Shakespeare's Othello and racial stereotypes?

Blended Learning and Technology in the Classroom
Teach Informational Texts Alongside the Literature You Love

The Common Core is little more than a promise. How it is implemented will make all the difference. That's why this post by Catlin Tucker, a high school English language arts teacher in Sonoma County, California, gives me hope.

Tucker does not abandon literature in her ninth and tenth grade ELA classrooms. Instead, she pairs fiction with digital texts about contemporary issues that stir debate and get students thinking about right, wrong, fair, and unfair. In so doing, she allows for a deeper understanding of literary works that can seem abstract or even irrelevant to young people who may lack the needed context and life experience.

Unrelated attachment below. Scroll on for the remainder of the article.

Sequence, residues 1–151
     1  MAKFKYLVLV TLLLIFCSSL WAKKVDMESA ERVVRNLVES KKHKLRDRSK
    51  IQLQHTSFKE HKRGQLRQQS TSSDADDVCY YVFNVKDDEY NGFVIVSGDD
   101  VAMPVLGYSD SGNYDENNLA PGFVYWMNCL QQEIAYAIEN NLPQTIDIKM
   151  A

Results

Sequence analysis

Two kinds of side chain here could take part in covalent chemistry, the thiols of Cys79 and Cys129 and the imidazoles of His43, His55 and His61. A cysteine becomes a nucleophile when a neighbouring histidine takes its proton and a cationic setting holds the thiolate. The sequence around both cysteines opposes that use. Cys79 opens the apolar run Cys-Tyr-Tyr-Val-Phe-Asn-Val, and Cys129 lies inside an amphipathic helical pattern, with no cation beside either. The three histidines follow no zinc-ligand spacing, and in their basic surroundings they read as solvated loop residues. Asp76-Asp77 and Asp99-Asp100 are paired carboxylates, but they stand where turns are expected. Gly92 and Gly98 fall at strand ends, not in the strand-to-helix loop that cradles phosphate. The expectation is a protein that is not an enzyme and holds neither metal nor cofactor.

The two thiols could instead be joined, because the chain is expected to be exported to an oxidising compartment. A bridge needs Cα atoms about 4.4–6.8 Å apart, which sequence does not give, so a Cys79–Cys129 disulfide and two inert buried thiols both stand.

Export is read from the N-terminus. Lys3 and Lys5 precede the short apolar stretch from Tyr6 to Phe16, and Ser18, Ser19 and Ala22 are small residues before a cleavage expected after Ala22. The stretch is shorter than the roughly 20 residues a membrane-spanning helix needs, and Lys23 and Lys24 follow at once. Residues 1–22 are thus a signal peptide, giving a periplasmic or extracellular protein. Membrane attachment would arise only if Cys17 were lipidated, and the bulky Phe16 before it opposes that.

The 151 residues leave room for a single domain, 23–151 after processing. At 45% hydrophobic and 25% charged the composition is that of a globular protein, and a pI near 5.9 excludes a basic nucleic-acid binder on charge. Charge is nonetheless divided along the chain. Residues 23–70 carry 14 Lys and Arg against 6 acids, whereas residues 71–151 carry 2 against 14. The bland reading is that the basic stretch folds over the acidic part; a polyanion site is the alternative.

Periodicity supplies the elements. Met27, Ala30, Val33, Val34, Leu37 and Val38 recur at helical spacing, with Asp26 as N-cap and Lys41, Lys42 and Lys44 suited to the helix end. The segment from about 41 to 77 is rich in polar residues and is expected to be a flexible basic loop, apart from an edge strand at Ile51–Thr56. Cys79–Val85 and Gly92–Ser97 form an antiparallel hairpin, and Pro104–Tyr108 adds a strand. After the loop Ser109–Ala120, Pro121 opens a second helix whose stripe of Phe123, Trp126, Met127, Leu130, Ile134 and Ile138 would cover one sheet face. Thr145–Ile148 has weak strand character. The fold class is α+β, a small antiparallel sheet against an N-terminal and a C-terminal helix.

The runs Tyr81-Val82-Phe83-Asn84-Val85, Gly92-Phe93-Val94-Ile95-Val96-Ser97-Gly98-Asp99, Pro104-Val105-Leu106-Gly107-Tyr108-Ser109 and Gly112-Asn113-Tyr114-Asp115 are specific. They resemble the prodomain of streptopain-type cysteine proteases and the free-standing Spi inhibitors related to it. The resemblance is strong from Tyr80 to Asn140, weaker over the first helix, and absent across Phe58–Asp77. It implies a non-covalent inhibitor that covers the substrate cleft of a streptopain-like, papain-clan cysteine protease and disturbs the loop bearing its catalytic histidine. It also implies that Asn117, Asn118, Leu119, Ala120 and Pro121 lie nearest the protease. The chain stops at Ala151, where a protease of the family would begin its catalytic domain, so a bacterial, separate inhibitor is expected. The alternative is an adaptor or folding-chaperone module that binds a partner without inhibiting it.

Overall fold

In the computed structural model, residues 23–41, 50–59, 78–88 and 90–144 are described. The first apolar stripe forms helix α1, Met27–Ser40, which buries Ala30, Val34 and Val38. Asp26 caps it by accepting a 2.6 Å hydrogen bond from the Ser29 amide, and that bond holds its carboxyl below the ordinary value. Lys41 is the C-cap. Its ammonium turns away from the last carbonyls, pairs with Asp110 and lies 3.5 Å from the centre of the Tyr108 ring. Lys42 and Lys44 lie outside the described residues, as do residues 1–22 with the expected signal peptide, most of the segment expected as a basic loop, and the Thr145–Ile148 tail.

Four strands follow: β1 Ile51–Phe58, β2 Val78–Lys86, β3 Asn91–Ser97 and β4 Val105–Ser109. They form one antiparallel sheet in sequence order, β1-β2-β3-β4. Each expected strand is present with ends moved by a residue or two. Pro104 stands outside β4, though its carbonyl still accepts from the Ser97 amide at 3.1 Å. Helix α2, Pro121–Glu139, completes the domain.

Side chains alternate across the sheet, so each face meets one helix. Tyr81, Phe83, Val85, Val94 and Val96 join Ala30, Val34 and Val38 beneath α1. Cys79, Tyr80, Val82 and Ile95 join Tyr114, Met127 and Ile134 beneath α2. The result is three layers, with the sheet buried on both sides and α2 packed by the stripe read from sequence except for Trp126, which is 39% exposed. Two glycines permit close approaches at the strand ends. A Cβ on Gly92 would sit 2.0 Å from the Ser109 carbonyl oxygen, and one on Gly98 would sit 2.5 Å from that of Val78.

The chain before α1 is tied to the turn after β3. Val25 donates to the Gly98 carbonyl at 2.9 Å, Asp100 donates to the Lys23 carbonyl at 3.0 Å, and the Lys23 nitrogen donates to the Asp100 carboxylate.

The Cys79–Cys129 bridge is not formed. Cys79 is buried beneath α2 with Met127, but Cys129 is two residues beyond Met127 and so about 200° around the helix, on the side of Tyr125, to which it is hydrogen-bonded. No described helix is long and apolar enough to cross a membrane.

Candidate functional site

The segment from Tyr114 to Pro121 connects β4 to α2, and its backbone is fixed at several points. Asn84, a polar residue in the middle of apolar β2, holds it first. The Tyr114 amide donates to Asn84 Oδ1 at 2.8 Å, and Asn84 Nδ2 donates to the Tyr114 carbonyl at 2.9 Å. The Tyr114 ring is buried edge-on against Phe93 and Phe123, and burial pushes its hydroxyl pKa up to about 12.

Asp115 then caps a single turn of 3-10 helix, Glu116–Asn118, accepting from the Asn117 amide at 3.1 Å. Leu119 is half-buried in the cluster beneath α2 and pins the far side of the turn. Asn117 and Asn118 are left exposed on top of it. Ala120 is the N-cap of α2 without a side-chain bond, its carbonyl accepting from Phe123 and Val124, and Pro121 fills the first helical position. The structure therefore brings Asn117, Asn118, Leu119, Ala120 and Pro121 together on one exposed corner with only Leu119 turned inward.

In Tucker's class, students' appreciation of To Kill a Mockingbird, for instance, is enhanced by readings about the death penalty and racial inequality in the justice system.

On her blog, Tucker offers other suggested pairings, including Of Mice and Men with articles about immigration and migrant workers, Lord of the Flies with examinations of human nature, and Shakespeare's Othello with essays about racial stereotypes.

Tucker's approach seems to offer the best of all worlds: fiction and nonfiction paired in a way that enriches both; purposeful experiences with digital texts and print; and even read-alouds.

Reading aloud is one of the greatest gifts you can give a child—even a high school student. You help accelerate the building of knowledge and vocabulary, especially for struggling readers, foster fluency and, perhaps most important, spark a love affair with literature.

If you don't feel comfortable reading aloud, tap some aspiring actors and actresses in your classroom. school, or community. Then sit back and enjoy the show.